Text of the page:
During my childhood years, in the afternoon after school, I would go from house to house, rouse friends, and we would play our own variations of baseball, football, and cowboys and Indians. This typically took place in our front yards and in the street. In retrospect, I am not certain how much our neighbors appreciated their favorite bushes being designated as second base or a touchdown. However, in the process, we exercised our abilities to create our own fun. We would play all afternoon, and would spontaneously be invited to dinner at which ever homes we randomly would arrive at when it became dark.
How often do you hear of adults—or even children– just dropping in on one another now? While “being neighborly” used to mean social calls with friends, now, for many in the United States, it often means respecting their privacy and leaving them alone.
A few years ago, a study comparing relative levels of satisfaction in different countries was published; both Ghana and the United States were included. Although its per capita income is a fraction of that in the United States, Ghana was higher on the satisfaction scale. I happened to be training a Ghanaian resident physician at the time, and I asked him for an explanation. He responded by relating a recent phone call that he had received from a friend back home. His friend inquired, “Is it really true that before you visit someone in the United States, you must call them first to get permission?” When the resident answered in the affirmative, his friend replied, “You must come home immediately. How can you live in such a place?”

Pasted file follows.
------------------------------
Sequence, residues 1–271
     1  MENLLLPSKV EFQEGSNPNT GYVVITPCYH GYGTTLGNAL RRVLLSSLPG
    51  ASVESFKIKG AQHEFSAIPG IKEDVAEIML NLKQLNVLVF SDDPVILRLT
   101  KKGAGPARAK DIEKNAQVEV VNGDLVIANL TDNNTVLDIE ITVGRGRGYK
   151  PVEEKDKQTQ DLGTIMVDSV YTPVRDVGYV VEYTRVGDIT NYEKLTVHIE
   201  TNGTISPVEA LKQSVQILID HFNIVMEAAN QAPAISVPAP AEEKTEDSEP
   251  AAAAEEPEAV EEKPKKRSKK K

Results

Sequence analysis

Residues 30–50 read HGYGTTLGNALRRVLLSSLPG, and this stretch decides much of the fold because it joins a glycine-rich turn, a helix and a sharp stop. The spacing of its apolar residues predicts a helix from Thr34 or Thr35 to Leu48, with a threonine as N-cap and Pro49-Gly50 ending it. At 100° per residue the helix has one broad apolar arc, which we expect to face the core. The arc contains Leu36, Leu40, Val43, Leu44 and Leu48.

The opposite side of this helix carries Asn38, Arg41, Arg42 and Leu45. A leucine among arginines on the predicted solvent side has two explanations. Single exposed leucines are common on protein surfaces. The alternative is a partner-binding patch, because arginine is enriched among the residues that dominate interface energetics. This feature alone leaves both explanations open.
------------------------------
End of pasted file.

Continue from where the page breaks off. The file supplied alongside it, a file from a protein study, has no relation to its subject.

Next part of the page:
The one exception to this “leave them alone” philosophy in our culture comes in a time of crisis, when, thank goodness, friends usually can be counted upon for support.
But why do we only need to reach out in a crisis? In my book Seeing More Colors: A Guide to a Richer Life, I share a quote from Eli Wiesel, who write in Against Silence, “Popular belief has it that true friendship can be ascertained only in time of need. Not so; in happiness you will recognize your true friends. They will not be envious. You will usually find friends to feel sorry for you but rare are those who feel happy simply because you are happy.”
Among life’s great pleasures is celebrating with friends and, when rejoicing with them, I often think of Wiesel’s words. Remembering the positive energy that I have felt from friends on my own happy occasions, I always attempt to fully participate in the joy of their special events. We should exercise our capacity for celebration.